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Between Honshû and Shikoku
This former walled city of the Matsudaira clan, Takamatsu, has a beautiful garden and is a good starting point for visiting the east of the island of Shikoku. Located in the north of the island, Takamatsu is the link between the main island of Honshû and that of Shikoku. The journey can be done by car or train since 1988, thanks to the construction of the Great Seto Bridge, which seems to leap from islet to islet to connect Takamatsu and Okayama.
Takamatsu is the capital of Kagawa Prefecture and, with a population of approximately 420,000 people, the second-largest city on Shikoku Island (after Matsuyama), located on the north coast of the island.
With the completion of the Seto Ohashi Road and Rail Bridge in 1988, Takamatsu became the gateway from Shikoku Island to Japan's main island, Honshu. Takamatsu is also a ferry hub for the islands of the Seto Inland Sea.
Ritsurin Park, created by the Matsudaira clan who controlled the fortress city of Takamatsu during the Edo period (1603-1868), is the city's most famous attraction.
The History of Takamatsu and Tamamo Castle
Little remains today of Takamatsu Castle, also known as Tamamo Castle, located in Tamamo Park, not far from the Central Station.
Takamatsu's strategic position secured his wealth in feudal times and prompted the local warlord to build Takamatsu Castle. Built from 1588 to 1590 by Chikamasa Ikoma, the castle became in 1642 a residence of the Matsudaira clan, parents of the ruling shogun Tokugawa.
The castle is particularly remarkable because facing the Seto Inland Sea, between Honshu and Shikoku Islands, its moat is filled with seawater sucked in through lock gates.
The moat and stone walls are still there, along with three turrets and a gate. Tsukimi Yagura's turret, which faces the sea, was built to observe the moon, hence its name (tsuki: moon; mi: see). Tamamo Park has a pleasant dry stone garden and is planted with cherry and pine trees.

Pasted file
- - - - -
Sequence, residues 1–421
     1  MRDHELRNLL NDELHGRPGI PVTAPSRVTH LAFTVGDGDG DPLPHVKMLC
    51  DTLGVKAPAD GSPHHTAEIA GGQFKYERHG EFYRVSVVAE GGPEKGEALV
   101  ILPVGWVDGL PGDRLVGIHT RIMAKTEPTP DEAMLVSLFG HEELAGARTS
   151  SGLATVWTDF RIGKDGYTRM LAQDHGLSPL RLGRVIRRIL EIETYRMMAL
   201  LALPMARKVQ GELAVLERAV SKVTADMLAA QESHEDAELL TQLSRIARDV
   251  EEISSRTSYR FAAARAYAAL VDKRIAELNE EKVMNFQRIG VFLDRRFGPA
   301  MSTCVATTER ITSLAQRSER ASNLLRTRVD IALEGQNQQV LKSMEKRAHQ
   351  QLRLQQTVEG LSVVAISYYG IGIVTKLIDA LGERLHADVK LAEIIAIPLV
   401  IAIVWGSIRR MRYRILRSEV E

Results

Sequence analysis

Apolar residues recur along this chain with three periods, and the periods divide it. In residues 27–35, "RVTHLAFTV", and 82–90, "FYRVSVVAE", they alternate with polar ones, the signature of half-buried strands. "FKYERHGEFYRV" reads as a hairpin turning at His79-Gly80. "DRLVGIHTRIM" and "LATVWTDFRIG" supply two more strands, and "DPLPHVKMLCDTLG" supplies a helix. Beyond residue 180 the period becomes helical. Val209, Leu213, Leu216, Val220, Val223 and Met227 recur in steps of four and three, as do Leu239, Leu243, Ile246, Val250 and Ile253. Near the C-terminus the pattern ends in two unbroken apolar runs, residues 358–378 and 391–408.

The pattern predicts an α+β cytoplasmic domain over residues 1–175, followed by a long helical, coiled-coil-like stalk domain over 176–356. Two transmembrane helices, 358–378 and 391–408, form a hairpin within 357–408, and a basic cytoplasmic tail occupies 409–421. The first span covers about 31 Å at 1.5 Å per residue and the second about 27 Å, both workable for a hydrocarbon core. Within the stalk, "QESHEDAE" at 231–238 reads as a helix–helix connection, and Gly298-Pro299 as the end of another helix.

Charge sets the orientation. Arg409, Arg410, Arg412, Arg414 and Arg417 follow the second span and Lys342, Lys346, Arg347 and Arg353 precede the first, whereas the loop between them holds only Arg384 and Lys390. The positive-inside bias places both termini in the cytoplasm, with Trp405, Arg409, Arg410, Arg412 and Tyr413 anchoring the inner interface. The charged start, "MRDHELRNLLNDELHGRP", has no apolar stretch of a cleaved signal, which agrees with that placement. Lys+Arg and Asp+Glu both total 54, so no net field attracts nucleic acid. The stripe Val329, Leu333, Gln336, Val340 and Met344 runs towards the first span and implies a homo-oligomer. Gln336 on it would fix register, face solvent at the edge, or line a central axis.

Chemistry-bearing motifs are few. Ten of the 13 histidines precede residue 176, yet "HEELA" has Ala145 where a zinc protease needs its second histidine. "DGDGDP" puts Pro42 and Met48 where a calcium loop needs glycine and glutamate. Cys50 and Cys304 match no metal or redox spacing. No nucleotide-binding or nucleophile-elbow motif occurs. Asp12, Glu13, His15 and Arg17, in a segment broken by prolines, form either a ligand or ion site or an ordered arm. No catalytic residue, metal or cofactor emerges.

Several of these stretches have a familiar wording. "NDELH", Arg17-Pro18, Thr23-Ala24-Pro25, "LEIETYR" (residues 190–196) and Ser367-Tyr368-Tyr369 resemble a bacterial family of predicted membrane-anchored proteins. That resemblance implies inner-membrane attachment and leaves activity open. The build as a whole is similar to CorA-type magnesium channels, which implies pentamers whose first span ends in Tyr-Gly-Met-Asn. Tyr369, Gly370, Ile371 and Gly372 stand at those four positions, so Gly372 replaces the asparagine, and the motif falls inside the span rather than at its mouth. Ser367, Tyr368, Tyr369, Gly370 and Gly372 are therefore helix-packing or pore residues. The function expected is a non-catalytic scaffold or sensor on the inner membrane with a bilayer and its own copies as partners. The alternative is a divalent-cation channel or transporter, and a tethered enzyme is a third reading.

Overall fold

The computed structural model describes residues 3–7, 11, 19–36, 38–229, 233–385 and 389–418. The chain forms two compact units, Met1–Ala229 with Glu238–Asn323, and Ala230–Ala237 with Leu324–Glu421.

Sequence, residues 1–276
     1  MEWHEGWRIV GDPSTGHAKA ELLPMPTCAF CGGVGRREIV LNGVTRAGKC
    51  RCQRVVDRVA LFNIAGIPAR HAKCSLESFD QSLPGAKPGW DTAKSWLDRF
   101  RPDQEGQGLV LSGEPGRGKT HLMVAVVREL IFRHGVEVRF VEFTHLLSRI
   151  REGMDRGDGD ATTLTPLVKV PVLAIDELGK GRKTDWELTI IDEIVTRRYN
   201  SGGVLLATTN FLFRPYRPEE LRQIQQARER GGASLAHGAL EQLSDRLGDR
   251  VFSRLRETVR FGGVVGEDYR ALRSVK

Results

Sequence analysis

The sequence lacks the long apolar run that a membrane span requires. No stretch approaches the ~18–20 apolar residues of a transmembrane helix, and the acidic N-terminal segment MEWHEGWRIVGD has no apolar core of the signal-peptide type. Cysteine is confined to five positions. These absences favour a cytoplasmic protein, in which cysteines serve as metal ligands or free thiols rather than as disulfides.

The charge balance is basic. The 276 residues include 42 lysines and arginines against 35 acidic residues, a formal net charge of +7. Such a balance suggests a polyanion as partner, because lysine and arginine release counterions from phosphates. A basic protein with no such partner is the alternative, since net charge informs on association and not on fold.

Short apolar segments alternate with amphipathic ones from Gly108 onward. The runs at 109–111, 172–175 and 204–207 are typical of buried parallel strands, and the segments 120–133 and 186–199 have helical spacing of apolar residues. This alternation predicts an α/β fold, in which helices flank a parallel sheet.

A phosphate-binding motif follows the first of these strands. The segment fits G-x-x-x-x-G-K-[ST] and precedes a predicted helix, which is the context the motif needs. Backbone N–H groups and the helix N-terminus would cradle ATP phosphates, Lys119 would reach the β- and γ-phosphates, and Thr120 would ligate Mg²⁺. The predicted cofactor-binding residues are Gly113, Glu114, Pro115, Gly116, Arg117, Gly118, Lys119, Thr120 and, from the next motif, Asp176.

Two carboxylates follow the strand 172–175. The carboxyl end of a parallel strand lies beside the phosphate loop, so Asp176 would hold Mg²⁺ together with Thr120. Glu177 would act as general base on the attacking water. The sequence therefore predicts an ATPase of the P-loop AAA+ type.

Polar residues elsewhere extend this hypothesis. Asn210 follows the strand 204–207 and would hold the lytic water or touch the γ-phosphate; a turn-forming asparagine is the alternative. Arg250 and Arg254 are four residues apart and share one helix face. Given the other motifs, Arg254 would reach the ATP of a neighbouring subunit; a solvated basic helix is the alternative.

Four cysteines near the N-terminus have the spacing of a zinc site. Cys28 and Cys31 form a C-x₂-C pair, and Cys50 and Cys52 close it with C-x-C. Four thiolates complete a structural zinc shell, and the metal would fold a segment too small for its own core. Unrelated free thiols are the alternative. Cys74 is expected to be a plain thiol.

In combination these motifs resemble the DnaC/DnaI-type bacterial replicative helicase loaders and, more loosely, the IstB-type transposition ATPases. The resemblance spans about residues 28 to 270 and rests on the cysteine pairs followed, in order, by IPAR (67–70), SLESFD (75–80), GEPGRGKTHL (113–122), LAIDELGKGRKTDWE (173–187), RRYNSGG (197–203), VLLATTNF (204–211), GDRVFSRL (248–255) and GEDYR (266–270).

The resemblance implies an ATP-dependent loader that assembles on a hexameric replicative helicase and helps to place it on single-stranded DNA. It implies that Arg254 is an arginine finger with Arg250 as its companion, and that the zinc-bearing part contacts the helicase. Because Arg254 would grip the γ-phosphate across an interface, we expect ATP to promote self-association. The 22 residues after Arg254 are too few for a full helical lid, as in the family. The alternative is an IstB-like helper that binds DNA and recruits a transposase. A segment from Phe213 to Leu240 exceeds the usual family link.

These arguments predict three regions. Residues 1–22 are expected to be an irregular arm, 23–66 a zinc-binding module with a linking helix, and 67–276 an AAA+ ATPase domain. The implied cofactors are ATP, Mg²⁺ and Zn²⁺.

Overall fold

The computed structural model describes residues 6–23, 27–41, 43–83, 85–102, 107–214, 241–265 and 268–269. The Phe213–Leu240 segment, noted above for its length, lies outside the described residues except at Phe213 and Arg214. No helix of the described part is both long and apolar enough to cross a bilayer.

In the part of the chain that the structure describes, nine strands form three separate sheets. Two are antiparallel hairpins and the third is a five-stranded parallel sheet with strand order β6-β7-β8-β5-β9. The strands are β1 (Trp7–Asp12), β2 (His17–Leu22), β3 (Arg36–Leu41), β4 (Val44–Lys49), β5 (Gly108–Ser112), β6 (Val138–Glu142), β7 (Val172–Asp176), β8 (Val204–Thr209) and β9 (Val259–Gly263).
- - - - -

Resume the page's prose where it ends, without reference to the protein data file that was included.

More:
The castle was gradually demolished during the Meiji era (1868-1912) and suffered further damage during World War II.
The Ritsurin garden
Ritsurin Koen and its 75 acres of wooded rolling hills, ponds stocked with carp, and paved paths are the local pride. It is the main attraction of Takamatsu and remains one of the finest and largest promenade gardens in the country.
Instituted in 1625 under the orders of Lord Ikoma Takatoshi, the creation of Ritsurin took more than a century, the time to make a superb example of a Japanese garden. Evolving to the rhythm of the nature that inhabits it, the vast garden is divided into two distinct styles: traditional Japanese to the south and west to the north.
In addition to the boutiques and handicraft exhibitions, the Kikugetsu-tei Pavilion offers a zen break in a unique setting: matcha green tea, and a view of a meticulously pruned pine forest.
Also in the section near the East Gate is the Sanuki Handicraft Museum which showcases local crafts including basketry and ceramics.
- Access: To get to the garden, take a bus from Takamatsu station to Ritsurin-mae stop or a JR train to Ritsurin Park Kitaguchi. You can also walk for ten minutes from Kotoden Ritsurin station.
Takamatsu holds a number of festivals throughout the year. In August, the Takamatsu festival is marked by fireworks and street dancing, in October, the autumn festival is marked by a parade of samurai from the Edo era and at the end of the year, the Takamatsu winter festival covers the city illuminated with colorful lights.
- Read also: Matsuri and events in Japan
The culinary specialty of Takamatsu, the paradise of udon
From the port, you can take a short twenty-minute journey to a small island with wooded mountains: Megijima, or Onigashima ("Demon Island"), referring to the famous legend of Momotaro, a boy sent by the gods to fight an evil monster on the island.